Review copy provided by the publisher for an honest review.
To quote one of my favorite book-dogs, Manchee from The Knife of Never Letting Go: Poo, Todd.
So I really wanted to love this book. Because I love YA Contemporary and this one sounded great. I also love the cover. I didn't have high expectations because I tend to do that when it's a new-to-me author. And it didn't even manage to meet my low expectations. I was severely disappointed. I am not happy right now. This story had a lot of potential. A mean girl that redeems herself? A cute guy in a wheelchair? Oh yes, this could have been SO great. But for me, it wasn't. Let me list my disappointments, because lists are the way to go right now.
♦ The writing was choppy and awkward and felt so stiff and cliche to me. There were so many tacky and stupid lines of dialogue I was afraid that my eyes were gonna roll out of my face. I groaned out loud (waking the boyfriend in the process) and sighed a lot. It just didn't flow well and I noticed that a lot in the other elements of the book. Which we'll get to now.
♦ The story was all over the place. There was way too much drama that I just couldn't get behind and some of the elements, which I'll touch upon later, just completely pissed me off. Because NO. NO NO NO NO. I didn't like the way this story is executed at all. I read it in one go just because I knew I would never pick it back up again if I didn't and I don't want to DNF books too much anymore. So there. Good thing it wasn't that long.
♦ The romance was blahh. Very very blah. Its pacing, like the story, was all over the place. It went fast, then slow. Then fast again. Then stupid drama stopped it. Then it was back. I didn't buy it. I didn't like it. Go away. This is no OTP ship for the ages. Not even for a minute.
♦ The characters. OH MY THE CHARACTERS. I'm not even talking about the main character, who I'll get to later. The rest was just as stupid. The parents were just... what? Their daughters did a horrible thing, yes, but I didn't like how the parents treated Nikki. At all. They didn't even believe their daughter's side of the story and just went with what everyone else said. Because reasons. Bad Parenting 101. The love interest, Pax, was the best part of the story and he wasn't a very good one. His personality felt all over the place and the drama near the end was very much against his character judging by the rest of the book. It just didn't make sense. At all.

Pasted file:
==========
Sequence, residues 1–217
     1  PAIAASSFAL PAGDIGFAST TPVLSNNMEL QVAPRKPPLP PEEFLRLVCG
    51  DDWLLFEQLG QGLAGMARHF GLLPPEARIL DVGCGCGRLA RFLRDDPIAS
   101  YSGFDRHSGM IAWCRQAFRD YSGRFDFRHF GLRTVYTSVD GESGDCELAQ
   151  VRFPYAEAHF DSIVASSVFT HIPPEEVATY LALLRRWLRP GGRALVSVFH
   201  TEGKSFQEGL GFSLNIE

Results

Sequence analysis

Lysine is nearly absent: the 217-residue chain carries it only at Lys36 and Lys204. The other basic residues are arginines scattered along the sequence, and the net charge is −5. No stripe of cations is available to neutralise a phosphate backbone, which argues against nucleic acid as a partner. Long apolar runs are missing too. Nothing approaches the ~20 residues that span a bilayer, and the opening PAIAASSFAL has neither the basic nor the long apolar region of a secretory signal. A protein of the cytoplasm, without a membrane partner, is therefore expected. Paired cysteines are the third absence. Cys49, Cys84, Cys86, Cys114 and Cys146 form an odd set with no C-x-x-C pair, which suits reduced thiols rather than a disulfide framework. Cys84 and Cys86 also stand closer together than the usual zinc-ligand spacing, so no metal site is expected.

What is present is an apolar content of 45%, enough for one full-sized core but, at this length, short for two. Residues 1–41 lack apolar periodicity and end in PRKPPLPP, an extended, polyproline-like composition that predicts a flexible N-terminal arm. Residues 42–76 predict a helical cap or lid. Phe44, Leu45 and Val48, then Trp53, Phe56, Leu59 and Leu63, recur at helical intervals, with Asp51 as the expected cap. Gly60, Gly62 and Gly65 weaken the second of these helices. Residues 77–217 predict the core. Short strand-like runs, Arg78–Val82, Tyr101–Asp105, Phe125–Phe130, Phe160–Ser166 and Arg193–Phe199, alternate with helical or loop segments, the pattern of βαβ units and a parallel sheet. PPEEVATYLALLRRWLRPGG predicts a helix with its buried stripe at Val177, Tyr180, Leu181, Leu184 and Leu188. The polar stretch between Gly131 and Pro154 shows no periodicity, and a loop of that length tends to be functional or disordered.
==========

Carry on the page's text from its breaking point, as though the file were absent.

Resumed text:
♦ Nikki. Our main character. OH NIKKI. HOW I LOATHE THOU. Nikki could have been a great character. I could have felt for her, have compassion. I wanted to root for her to redeem herself. BUT OH NOPE. I did no such thing. And you know why? I'm not even talking about all the amazingly stupid decisions she makes in this book. I'm not even takling about how horrible she deals with the things thrown her way in this book. OH NO. Because, and this is not a spoiler, Nikke did a bad thing. She let her friends post horrible pictures of a girl on her Facebook. Said girl attempted suicide because of it. This is a serious thing and I completely understand that girl. But nobody believes Nikki's story that she didn't do anything and she gets all the crap thrown on her. Her life is ruined. AND THERE'S THE PROBLEM. All Nikki thinks about is Nikki. HER life is ruined. People treat HER like crap for something she didn't do and she doesn't get it. She acts like SHE'S the victim in this story. SHE IS NOT. She's a horrible person that didn't do anything to stop her friends from doing a horrible thing. She is just as guilty. Because she should have and could have stopped the bad thing from happening. "When will people treat me like crap? I didn't do anything?" That's the point. You didn't do anything. You let it happen. YOU'RE A HORRIBLE, EGOCENTRIC, WHINY LITTLE GIRL NIKKI. And I do not like you. Go away.